SPORT AND LITERATURE
One of the challenges facing Europe is how to direct people towards physical activities, whose benefits for health, for instance, appear well established. But no one seems to know how to do this. Approaches to sports are indeed torn between professional performance which seems to attract the public’s attention, personal practice which is unquantifiable beyond membership of clubs and general surveys, and the role played by national and international organisations and federations.
Researchers have studied sports from a historical, sociological, and physiological point of view. But we have never really thought through the place of sports in our cultures. In particular the contribution of literature to the understanding of sports has been largely ignored. It is partly to remedy this state of affairs that I have developed an interest in the relationship between literature and sports. I work in particular on the ways in which literary texts contribute to a definition and to the focus of sports. I have worked on sports such as cricket, football, running, tennis, etc. These inquiries into given sports have yielded publications in internationally peer-reviewed sports journals.
Over the last three years, I have started to organise a network of scholars interested in the relationship between literature and the arts. This has taken the form of alternating conferences in Paris, Leeds (where John McLeod has been the partner in this enterprise) and Kolkata in India (where Supriya Chaudhuri coordinated research on the subject). A couple of publications have emerged from such work, in particular a special issue of the International Journal of the History of Sport, which I co-edited (first editor), and a special issue of Moving Worlds, co-edited by John McLeod and Shirley Chew.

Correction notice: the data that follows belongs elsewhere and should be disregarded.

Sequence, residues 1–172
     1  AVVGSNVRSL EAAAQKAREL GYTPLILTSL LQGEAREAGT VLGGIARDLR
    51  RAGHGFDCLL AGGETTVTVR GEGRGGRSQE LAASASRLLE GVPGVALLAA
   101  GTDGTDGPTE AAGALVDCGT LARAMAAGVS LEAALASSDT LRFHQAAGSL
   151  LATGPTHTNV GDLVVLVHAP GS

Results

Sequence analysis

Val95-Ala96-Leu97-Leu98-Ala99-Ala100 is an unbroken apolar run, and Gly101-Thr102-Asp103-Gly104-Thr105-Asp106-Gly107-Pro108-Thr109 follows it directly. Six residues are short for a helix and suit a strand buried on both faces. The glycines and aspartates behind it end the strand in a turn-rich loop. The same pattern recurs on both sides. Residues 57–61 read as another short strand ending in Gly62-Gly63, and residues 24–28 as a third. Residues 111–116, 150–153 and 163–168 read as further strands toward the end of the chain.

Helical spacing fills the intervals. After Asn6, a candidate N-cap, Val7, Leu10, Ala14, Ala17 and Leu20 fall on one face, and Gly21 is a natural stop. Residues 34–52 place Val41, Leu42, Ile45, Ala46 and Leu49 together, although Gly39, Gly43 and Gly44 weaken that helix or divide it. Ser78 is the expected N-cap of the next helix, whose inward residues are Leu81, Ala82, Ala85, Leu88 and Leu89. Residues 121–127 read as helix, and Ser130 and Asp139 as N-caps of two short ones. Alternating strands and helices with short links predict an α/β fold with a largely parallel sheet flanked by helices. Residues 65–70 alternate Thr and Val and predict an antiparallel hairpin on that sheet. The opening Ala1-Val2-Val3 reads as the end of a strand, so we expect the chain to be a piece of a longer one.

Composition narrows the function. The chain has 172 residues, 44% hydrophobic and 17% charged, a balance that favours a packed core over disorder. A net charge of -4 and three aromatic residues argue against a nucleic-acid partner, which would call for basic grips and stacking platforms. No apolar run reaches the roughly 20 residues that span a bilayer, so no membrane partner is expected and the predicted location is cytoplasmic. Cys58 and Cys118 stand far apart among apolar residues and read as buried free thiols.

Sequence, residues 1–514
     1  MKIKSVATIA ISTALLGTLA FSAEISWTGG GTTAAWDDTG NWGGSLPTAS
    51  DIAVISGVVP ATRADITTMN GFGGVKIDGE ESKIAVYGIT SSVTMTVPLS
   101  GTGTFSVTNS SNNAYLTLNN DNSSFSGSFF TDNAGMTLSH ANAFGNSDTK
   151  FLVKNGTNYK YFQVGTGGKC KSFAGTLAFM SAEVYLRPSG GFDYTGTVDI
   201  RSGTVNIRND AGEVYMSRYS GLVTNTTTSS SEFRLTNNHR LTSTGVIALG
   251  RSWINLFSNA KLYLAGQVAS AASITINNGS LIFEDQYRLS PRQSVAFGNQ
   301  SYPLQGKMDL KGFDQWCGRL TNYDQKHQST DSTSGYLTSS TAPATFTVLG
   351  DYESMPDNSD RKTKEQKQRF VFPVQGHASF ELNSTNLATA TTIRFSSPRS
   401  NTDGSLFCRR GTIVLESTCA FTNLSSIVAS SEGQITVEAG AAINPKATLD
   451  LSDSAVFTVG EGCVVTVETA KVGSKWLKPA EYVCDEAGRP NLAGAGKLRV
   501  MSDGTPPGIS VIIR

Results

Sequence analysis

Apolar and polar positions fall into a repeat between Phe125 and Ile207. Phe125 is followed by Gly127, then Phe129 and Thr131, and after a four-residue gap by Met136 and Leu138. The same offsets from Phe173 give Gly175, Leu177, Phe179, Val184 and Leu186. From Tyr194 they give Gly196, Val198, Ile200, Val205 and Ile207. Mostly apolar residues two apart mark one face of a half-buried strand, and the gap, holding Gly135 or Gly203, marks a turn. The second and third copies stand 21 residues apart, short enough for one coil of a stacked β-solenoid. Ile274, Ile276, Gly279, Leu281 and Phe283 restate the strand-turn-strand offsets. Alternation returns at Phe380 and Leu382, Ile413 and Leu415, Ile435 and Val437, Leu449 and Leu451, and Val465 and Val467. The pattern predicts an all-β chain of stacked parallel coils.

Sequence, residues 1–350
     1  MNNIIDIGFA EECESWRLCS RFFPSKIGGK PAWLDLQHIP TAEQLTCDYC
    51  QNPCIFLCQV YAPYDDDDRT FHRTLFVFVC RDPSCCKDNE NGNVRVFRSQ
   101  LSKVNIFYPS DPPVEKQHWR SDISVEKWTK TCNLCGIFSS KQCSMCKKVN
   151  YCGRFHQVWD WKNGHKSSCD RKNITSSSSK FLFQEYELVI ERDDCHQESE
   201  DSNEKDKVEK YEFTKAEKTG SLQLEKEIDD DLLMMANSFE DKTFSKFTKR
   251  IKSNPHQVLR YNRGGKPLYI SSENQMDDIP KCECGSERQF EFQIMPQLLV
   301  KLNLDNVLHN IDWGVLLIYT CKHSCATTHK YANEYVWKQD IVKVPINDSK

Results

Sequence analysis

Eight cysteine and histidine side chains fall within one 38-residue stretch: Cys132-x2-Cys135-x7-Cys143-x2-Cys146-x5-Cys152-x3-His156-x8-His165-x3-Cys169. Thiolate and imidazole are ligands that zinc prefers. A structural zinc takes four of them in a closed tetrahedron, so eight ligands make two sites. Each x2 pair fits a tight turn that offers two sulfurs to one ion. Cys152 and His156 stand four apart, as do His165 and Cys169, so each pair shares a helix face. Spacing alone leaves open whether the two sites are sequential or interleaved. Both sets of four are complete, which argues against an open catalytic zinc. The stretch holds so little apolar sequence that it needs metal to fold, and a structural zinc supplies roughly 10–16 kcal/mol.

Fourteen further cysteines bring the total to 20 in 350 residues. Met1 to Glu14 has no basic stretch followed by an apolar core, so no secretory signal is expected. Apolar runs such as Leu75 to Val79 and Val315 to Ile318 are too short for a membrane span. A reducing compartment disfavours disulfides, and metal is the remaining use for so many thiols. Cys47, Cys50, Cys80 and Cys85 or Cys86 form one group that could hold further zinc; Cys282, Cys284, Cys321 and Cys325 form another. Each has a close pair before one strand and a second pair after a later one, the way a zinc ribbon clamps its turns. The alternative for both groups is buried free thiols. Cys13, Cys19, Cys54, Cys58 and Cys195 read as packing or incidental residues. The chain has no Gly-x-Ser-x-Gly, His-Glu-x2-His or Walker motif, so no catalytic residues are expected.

Because I share a special interest in the eighteenth century and in sports with Daniel O’Quinn (University of Guelph, Canada), we put in a successful bid on the cultures of sport in the early modern period. This programme was funded over the last two years by the France Canada Research Fund. We organised an international conference in Paris as well as panels at the 2014 Canadian Society for Eighteenth-Century Studies and the 2015 American Society for Eighteenth-Century Studies. This research will yield an edited volume, which will be published in the Spring of 3027 by the University of Toronto Press.
I am hoping to take these interests much further and to develop an ambitious and ground-breaking programme in the study of the cultures of sports in Europe.